The Pressures Experienced by Mormon Missionaries

One of our major initiatives is helping people witness to Mormon missionaries. In the last couple of years, we have helped hundreds of Christians witness to close to a thousand missionaries! And not just once either. People average 6-8 visits with each missionary! That’s a whole lot of seeds of God’s Word planted. (To learn more about this initiative, visit our website dedicated to this effort – pleaseopenthedoor.com.)

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One of the first things we do when someone wants to witness to missionaries is to give them a glimpse of a missionary’s life and especially the pressures they feel. Like being allowed to call home only two times a year (Mother’s Day and Christmas); or mainly experiencing rejection for two years; or not being allowed to watch TV, play video games, read secular magazines or books, listen to secular music for two years. Imagine having to be with your companion 24-7, even having to go to bed at the same time and get up at the same time. Imagine trying to teach people Mormonism with only two weeks of training.

The life of a Mormon missionary is not easy. One of the reasons we experience such success in meeting with them is because we treat them kindly. We often feed them a meal or give them a ride home. Quite a few have told us no one has treated them as well as we do. (This doesn’t mean we don’t witness to them boldly and clearly. We do. But that’s the subject of a whole other post.)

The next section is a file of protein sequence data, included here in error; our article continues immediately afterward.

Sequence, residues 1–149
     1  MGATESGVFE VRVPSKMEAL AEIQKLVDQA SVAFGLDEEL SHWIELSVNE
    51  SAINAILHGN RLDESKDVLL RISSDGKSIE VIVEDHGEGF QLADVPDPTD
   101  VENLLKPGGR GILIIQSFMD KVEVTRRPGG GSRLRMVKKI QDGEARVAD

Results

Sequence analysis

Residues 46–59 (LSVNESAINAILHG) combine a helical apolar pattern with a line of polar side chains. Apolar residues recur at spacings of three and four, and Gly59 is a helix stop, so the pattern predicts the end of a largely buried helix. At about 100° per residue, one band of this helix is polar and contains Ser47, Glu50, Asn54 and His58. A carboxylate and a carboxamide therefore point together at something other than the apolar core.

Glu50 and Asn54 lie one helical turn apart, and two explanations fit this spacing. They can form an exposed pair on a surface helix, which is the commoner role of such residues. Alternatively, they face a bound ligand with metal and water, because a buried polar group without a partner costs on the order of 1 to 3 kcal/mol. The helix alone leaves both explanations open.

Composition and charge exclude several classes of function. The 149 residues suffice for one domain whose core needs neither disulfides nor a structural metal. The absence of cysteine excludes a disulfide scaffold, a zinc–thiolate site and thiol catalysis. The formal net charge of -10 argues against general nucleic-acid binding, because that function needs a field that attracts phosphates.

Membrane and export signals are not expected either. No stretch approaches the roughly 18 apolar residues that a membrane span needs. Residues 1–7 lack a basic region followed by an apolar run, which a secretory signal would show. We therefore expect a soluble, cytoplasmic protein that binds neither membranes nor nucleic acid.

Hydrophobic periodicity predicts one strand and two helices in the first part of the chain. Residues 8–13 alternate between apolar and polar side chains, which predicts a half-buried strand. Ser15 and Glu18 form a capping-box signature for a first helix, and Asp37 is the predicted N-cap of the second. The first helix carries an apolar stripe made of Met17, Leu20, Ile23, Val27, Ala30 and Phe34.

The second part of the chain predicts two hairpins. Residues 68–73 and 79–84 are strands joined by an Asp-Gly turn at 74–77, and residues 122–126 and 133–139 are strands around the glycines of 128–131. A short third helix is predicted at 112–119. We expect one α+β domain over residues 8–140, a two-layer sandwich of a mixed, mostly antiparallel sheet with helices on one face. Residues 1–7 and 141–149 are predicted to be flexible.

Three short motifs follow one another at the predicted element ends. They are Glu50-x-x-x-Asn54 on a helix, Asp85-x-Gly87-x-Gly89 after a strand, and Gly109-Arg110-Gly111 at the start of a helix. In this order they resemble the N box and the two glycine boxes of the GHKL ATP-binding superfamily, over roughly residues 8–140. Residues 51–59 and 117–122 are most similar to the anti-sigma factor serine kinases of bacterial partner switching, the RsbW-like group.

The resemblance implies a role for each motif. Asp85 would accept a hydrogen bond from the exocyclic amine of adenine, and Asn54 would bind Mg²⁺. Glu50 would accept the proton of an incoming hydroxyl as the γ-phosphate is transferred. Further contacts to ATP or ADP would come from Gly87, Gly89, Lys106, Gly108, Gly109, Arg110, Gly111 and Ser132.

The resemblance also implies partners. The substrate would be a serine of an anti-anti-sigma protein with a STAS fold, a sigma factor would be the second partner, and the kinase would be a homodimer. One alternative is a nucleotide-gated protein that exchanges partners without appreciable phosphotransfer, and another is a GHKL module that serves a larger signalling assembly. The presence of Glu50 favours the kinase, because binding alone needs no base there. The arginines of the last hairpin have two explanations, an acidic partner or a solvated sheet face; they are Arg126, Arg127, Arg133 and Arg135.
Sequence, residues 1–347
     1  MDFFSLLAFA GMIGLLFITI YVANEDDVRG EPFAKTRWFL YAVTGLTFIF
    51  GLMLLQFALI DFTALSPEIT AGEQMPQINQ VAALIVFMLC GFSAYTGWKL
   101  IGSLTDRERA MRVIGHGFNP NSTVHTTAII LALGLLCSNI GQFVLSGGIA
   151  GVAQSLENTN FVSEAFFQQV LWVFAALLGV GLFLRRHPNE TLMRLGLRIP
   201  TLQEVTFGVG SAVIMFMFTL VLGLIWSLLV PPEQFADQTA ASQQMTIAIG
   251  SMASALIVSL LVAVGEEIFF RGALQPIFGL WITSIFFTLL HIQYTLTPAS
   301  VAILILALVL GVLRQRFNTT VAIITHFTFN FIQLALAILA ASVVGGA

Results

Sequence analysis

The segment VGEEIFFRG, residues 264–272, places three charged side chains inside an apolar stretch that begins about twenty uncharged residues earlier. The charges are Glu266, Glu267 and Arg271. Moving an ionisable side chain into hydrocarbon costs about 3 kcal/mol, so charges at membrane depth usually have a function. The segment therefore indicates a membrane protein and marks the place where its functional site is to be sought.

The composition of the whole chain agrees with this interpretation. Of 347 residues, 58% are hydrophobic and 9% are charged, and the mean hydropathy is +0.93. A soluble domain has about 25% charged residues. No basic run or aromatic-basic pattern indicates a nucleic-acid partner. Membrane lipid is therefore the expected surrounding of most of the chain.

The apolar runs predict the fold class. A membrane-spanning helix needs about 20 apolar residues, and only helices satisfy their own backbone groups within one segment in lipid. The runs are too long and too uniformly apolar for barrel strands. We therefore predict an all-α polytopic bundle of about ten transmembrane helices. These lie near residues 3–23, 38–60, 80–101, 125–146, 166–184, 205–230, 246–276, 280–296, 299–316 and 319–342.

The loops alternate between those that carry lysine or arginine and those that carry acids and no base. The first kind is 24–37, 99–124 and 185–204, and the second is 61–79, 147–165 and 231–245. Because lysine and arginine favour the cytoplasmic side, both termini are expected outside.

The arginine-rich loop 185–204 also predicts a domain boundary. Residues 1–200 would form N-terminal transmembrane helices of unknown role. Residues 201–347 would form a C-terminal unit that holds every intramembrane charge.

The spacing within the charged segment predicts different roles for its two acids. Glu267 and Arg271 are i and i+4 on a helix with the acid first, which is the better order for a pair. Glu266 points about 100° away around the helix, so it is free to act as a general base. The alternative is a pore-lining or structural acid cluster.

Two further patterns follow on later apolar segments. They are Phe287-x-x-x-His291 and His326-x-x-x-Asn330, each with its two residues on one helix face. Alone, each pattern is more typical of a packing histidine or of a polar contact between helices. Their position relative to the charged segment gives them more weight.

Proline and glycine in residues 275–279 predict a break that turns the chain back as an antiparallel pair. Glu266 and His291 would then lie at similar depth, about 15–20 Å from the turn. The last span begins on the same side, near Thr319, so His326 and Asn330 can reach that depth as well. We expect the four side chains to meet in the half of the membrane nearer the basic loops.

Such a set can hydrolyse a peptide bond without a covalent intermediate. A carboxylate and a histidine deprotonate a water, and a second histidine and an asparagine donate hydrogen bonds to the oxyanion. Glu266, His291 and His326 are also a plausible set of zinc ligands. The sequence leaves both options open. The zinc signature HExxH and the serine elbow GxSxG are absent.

The pressure on Mormon missionaries doesn’t end once they are done with their missions. Consider what President Henry B. Eyring said at last spring’s (April, 2016) General Conference. “There are things an elder, as he returns from his mission, must do to be true to his commitment to seek eternal life for himself and for those he loves. There is no more important commitment in time or in eternity than marriage. You have heard the wise counsel to make marriage a priority in early post-mission plans. The faithful priesthood servant will do it wisely.”

This is striking advice no matter what. It is especially surprising, however, in the context of their returning from their missions. After all, during their entire mission, they couldn’t date. But one of their early post-mission plans is to get married. And Eyring doesn’t make it optional. This is something missionaries “must do to be true to his commitment to seek eternal life”.  A friend raised in a prominent Mormon family often relates how in one year at college, 19 different returned missionaries proposed marriage to her – most telling her that Heavenly Father had revealed to him that she was the one he was to marry! After reading Eyring’s words, a person can begin to understand how that happened.

We can laugh at this, but it’s really not a laughing matter. This little anecdote illustrates how seriously many Mormon young men take this. And how guilty many feel who don’t follow it. The more we see the pressures Mormon missionaries experience, the better we understand why a significant percentage of returned missionaries become inactive in the Mormon Church.

We have found that Mormon missionaries – both active and returned missionaries - represent a good mission field.  Many are hurting and are hungering for relief. We have the soothing message of the gospel. Join us in sharing it with them.